Mt. Shasta is a majestic, steep-sided stratovolcano located about 97 km (60 mi) north of Redding along the I-5 corridor in Northern California. It is the most voluminous of all the Cascade Range volcanoes, and the towns of Weed, Mt Shasta City, and McCloud lie in the shadow of its 4,317 m (14,163 ft) high snow- and ice-clad edifice, which also holds the headwaters of the Upper Sacramento River.


Mount Shasta began forming on the remnants of an older, similar volcano that collapsed 300,000 to 500,000 years ago. The collapse spawned one of the largest landslides known on Earth, covering more than 440 km2 (170 mi2) of Shasta Valley to the northeast. Activity over the last 300,000 years includes long intervals of quiet interrupted by shorter spans of frequent eruptions. Eruptions at about 11,000 years ago built Black Butte and Shastina on the western flanks of Mount Shasta. In the last few millennia, smaller eruptions have broken out at the volcano’s summit and from vents on its upper east flank. The youngest dated eruption occurred about 3,200 years ago, producing block and ash flows on the volcano's north flank. Hot springs and volcanic gases seep from the summit indicating a relatively young and still-hot system. Non-volcanic shedding of young volcanic rock and ash from Mount Shasta’s steep slopes occurs during heavy rainfall or glacial floods. In the last 1,000 years, more than 70 mudflows have inundated stream channels. The record of eruptions over the last 10,000 years suggests that, on average, at least one eruption occurs every 800 to 600 years at Mt Shasta. USGS and UNAVCO seismic and geodetic networks provide real-time volcano monitoring data. Earthquake activity has been low for the last few decades and ground deformation is negligible.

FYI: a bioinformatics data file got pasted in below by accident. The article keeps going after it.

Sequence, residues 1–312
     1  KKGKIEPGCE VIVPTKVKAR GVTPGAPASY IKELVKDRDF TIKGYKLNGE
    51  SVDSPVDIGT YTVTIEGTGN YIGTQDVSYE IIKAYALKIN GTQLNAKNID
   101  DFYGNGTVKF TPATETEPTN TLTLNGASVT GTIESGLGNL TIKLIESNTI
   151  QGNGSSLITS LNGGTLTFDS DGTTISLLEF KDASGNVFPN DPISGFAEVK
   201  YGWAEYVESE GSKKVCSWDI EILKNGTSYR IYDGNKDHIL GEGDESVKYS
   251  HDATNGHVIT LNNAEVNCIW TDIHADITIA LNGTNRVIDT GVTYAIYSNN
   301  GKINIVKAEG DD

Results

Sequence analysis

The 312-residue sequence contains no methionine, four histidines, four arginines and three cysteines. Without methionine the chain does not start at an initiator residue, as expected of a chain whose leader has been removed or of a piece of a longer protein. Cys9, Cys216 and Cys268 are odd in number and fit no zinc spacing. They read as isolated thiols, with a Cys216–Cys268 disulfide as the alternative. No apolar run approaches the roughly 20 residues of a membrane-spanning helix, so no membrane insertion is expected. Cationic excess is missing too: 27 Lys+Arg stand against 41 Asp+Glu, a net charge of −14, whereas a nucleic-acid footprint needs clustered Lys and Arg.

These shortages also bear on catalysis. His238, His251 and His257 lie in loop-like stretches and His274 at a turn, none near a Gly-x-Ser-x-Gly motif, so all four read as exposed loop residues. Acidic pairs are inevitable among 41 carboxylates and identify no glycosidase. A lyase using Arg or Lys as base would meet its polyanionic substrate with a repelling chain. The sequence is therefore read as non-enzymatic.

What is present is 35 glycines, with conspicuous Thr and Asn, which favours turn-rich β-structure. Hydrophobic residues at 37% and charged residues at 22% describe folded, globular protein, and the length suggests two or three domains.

Date published: June 4, 2021

Gas sampling at Mount Shasta builds a long-term record of volcanic emissions

One of the three main ways that California Volcano Observatory scientists monitor the state’s threatening volcanoes is by sampling the gases that are released from magma deep below (in addition to monitoring seismicity and deformation).

Date published: May 13, 2020

Unpacking CalVO's new seismic monitoring boxes

If you've noticed any changes to the earthquake counts released in CalVO's weekly updates, don't worry - some behind-the-scenes improvements to our monitoring system have been implemented which allow us to focus on unrest specifically related to our volcanoes and volcanic regions.

Find a U.S. Volcano